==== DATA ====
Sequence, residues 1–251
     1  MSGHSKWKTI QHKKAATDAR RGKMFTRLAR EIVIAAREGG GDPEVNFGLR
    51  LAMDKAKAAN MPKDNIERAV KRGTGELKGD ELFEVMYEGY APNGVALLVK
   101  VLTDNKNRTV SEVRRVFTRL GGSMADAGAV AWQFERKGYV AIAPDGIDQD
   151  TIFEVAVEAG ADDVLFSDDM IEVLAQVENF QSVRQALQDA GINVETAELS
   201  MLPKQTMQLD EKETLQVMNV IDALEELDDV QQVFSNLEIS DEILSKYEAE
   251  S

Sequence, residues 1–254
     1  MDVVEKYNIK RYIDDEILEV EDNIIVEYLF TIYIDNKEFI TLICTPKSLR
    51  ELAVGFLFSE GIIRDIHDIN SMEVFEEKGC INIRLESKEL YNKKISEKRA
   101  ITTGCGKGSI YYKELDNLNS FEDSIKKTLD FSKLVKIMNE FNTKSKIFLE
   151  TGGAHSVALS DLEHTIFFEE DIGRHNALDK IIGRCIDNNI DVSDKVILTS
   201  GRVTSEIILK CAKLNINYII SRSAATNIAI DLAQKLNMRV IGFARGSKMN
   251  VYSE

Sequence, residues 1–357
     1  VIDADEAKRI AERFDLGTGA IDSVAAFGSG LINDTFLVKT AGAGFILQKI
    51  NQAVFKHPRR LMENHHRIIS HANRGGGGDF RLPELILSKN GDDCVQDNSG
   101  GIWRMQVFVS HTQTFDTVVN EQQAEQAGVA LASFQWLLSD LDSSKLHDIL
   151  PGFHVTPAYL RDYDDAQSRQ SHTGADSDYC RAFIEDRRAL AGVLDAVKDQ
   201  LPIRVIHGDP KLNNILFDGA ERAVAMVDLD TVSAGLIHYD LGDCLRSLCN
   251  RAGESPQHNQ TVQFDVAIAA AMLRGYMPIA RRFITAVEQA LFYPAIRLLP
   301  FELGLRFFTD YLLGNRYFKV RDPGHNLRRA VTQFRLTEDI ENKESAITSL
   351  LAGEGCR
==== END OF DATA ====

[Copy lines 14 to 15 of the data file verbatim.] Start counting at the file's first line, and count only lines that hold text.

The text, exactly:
   251  VYSE

Sequence, residues 1–357